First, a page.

TDN: Can you tell us a bit about yourself, how did you get started in the industry?
Dane: I grew up in a family of horse men and women on the South Coast of NSW. My grandfather Kevin Robinson and father Terry have been training for decades. Pop was a legend in his day in harness racing and along with the help of his family, steered the stable towards thoroughbreds in the 90’s, before his passing in 2005. Dad still trains thoroughbreds out of his Shoalhaven Heads property where we have access to Seven Mile Beach to work the horses. In my opinion, it’s one of the world’s best surfaces and environments to train a racehorse.
While sport and school took priority, I got involved doing weekend stable shifts and took every opportunity to be at the races with either Dad or my uncle Robert Price, who trains with my cousin Luke out of Kembla Grange.
Once I finished my Finance degree at Wollongong University, I landed a job with Gai Waterhouse in her finance department and was fortunate to be part of the team during Fiorente’s Melbourne Cup and Overreach’s Golden Slipper victories. From there I was lucky enough to score a spot on the Godolphin Flying Start Program which give me world-wide experience, education and contacts in the breeding and racing industry; and that ultimately led me to Harry Herbert and Highclere.
TDN: How did the Godolphin Flying Start Program help you to get established within the industry?
Dane: Flying Start accelerated my establishment in the thoroughbred industry by at least 5 years or so and has given me further experience, confidence and industry contacts. To this day I continue to draw on the experiences and relationships built over the two-year program and will do so throughout the remainder of my career.
Sheikh Mohammed will be remembered for many things but his vision to establish the Godolphin Flying Start Program will be one of his greatest contributions to the international thoroughbred industry. The opportunities are endless for graduates, and I would encourage any young person who wants a career in the thoroughbred industry to start building their CV towards gaining a place on the program, because it really is a once-in-a lifetime opportunity.
TDN: How long have you been the racing manager at Highclere Racing?
Dane: I started with Highclere in 2016 upon graduation from Godolphin Flying Start and I am now coming towards completing my third year with the team where my main focus has always been on the Australian arm of the business.
TDN: You’ve spent a lot of time travelling between Europe and Australia, do you find big differences to the way things are run in Australia compared to overseas?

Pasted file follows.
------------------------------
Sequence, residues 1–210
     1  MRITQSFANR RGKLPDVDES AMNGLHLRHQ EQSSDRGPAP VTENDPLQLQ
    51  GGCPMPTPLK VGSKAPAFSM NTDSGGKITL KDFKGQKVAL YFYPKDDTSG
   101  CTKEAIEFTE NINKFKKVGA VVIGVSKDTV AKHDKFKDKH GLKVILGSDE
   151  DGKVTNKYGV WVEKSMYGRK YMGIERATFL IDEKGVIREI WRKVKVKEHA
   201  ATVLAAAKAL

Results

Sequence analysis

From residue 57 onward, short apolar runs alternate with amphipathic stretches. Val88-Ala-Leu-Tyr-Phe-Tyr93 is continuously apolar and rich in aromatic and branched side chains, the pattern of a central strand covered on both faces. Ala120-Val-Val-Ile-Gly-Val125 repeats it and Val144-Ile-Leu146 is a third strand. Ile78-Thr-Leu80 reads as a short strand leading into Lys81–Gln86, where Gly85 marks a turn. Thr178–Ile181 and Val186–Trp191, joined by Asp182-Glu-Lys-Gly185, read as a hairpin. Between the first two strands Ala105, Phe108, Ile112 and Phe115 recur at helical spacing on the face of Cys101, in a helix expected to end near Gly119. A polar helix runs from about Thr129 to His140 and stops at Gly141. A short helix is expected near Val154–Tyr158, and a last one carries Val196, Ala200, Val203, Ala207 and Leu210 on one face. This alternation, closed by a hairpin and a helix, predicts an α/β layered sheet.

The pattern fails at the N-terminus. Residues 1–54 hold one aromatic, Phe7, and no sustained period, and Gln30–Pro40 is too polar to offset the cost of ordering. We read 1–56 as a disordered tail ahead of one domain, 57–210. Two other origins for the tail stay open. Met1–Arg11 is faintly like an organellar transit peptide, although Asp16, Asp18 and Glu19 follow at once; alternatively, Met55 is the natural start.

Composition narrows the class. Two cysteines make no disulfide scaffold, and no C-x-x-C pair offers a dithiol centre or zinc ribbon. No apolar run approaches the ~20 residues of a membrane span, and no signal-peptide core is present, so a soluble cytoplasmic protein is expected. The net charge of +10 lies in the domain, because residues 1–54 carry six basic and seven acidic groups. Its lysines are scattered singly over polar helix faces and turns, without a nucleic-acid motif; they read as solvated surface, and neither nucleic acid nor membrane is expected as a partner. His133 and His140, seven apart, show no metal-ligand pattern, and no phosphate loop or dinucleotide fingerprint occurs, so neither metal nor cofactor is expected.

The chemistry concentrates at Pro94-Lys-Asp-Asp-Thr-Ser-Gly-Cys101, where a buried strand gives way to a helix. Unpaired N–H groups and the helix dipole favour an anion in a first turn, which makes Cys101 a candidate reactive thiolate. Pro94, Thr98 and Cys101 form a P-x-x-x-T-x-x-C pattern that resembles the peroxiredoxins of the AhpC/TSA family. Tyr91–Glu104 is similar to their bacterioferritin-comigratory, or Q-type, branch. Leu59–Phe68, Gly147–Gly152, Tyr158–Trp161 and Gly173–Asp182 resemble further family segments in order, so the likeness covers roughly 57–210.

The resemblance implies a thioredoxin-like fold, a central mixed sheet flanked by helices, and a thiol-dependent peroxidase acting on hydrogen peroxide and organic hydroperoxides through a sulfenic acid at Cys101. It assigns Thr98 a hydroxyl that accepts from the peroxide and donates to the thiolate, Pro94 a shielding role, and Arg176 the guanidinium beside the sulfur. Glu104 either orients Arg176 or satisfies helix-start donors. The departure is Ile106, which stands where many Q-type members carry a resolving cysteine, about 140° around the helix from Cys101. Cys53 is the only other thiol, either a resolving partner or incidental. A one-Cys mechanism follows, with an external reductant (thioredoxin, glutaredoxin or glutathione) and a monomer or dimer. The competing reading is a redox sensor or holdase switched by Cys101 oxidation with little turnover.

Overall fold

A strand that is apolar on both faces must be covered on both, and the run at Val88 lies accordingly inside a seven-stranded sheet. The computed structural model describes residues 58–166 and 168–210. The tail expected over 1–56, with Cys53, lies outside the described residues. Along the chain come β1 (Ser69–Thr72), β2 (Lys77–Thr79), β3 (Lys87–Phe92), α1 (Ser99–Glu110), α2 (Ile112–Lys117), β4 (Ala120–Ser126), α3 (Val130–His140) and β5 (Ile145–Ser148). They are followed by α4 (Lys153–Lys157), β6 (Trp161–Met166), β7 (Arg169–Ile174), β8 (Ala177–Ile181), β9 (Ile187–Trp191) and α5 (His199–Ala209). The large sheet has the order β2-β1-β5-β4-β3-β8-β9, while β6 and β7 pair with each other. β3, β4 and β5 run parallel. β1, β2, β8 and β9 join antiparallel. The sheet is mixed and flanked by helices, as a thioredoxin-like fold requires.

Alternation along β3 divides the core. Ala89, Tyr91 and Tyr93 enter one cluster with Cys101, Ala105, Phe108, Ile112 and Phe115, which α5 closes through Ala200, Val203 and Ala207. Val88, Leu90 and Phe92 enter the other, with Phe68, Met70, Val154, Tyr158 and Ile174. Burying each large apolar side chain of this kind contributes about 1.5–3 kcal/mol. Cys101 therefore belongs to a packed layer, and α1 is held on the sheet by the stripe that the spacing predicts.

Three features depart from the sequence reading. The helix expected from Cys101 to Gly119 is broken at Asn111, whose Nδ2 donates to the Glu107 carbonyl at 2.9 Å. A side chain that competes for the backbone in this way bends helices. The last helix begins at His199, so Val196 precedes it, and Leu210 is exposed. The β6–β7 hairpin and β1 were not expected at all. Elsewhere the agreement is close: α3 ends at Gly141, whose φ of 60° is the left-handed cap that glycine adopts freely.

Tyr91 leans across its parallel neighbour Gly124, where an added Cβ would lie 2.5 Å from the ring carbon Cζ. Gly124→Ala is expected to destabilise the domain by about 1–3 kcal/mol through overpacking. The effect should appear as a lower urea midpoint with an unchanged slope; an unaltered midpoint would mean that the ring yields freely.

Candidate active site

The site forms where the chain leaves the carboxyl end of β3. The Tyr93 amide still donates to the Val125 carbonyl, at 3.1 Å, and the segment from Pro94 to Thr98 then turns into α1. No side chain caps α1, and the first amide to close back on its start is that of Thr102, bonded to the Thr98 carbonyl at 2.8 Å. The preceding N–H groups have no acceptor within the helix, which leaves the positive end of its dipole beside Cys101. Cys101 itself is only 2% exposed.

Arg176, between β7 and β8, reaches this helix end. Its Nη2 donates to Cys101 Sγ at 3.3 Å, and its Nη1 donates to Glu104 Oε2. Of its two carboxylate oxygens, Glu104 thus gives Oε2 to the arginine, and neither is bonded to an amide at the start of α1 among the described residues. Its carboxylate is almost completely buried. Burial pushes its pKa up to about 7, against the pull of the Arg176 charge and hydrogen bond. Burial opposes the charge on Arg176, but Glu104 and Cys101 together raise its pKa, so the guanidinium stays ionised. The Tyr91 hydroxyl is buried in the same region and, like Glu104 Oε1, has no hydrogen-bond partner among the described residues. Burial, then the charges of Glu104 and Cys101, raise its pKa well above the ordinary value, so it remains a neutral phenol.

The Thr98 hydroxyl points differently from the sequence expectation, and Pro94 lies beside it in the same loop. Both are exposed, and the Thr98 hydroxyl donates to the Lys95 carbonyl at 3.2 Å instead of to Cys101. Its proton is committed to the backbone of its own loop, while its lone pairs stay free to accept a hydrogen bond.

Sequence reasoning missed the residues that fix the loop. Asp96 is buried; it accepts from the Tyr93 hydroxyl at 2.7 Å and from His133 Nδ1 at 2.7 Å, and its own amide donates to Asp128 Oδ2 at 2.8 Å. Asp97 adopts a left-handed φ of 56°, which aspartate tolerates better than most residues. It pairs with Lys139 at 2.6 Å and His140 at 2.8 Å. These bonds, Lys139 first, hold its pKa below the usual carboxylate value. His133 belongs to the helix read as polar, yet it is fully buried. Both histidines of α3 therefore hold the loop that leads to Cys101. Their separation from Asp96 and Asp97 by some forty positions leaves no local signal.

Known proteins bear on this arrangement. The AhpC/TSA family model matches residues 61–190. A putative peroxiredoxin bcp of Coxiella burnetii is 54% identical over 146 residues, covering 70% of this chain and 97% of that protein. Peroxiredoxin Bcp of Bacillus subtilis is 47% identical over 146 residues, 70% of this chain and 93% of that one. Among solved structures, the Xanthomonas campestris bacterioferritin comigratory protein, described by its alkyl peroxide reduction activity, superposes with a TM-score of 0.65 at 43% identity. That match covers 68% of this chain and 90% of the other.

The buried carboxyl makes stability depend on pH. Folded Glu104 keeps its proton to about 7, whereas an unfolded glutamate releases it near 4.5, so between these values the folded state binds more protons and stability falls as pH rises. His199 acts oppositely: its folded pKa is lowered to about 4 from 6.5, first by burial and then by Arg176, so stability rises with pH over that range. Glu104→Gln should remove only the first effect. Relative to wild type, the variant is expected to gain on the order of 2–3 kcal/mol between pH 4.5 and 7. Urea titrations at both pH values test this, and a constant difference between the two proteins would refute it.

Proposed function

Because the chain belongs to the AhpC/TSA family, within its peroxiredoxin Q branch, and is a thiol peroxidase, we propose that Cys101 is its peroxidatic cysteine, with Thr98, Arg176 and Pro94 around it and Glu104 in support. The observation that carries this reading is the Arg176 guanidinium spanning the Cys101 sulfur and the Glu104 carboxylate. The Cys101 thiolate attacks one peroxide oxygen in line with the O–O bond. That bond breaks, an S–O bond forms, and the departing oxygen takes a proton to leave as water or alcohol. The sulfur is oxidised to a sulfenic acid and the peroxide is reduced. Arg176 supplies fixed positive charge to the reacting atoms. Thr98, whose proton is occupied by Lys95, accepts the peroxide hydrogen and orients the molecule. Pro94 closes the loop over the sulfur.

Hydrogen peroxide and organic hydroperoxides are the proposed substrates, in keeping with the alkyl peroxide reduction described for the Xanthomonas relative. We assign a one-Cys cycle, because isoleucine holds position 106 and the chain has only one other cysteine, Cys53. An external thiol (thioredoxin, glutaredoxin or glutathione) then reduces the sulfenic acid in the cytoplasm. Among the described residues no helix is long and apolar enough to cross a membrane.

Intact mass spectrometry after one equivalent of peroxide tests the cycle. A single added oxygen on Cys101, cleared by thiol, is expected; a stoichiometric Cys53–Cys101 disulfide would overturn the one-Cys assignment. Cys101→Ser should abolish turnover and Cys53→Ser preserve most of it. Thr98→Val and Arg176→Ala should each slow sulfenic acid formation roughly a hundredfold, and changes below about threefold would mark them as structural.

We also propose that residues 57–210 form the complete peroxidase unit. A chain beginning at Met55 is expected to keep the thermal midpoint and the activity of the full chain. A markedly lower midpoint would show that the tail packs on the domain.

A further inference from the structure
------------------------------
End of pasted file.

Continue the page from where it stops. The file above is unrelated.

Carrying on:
We’ve tried to maintain the model in Australia in line with what has worked well for Highclere in the Northern Hemisphere for the last 25 years when purchasing yearlings and tried horses. Although in saying that, we are in a fortunate position to be entrenched in the UK and Europe which is gives us the opportunity to buy and bring classy stayers just under the handicap to take on the lucrative Cups races in Australia. We focus on utilising the knowledge and relationships of the team on the ground in the UK to source these stayers early and bring them Down Under. We’ve had some success already with Group 1 winner Opinion and Group 2 winner Libran. Both horses have earned over $2 million between the both of them!
TDN: What’s the toughest aspect of your job?
Dane: Breaking bad news to share owners never gets any easier and we’ve been unfortunate to have lost a couple of lovely horses in the last 12 months due to accidental injury.
TDN: And what about the best?
Dane: Winning races and sharing the joy and excitement with the share owners is by far the best aspect of the job and is obviously what we’re in this business for.
TDN: And what about your favourite International sale?
Dane: The Saratoga Yearling Sale in upstate New York holds fond memories and is a must for anyone who hasn’t been as fortunate to attend!
TDN: Do you have any advice for anyone looking to take up a similar career path to you?
Dane: I’ve learned to appreciate the role of having close mentors in this business. I’m always taken aback by how quickly and open people are to providing sound advice in the industry. So, I’d say not to be afraid of asking for advice and seeking a mentor/s that you look up to, to be a source of ongoing guidance. And have patience, things don’t happen overnight but if you’re determined and patient enough, positive things will happen.